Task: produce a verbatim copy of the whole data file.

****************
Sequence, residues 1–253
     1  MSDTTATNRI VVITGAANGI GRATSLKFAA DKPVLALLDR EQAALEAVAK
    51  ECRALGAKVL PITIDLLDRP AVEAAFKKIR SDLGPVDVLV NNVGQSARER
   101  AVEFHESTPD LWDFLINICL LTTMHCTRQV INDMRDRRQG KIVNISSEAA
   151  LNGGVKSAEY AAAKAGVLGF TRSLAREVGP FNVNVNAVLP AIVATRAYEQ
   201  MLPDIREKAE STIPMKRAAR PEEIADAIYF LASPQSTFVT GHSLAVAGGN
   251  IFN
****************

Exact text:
Sequence, residues 1–253
     1  MSDTTATNRI VVITGAANGI GRATSLKFAA DKPVLALLDR EQAALEAVAK
    51  ECRALGAKVL PITIDLLDRP AVEAAFKKIR SDLGPVDVLV NNVGQSARER
   101  AVEFHESTPD LWDFLINICL LTTMHCTRQV INDMRDRRQG KIVNISSEAA
   151  LNGGVKSAEY AAAKAGVLGF TRSLAREVGP FNVNVNAVLP AIVATRAYEQ
   201  MLPDIREKAE STIPMKRAAR PEEIADAIYF LASPQSTFVT GHSLAVAGGN
   251  IFN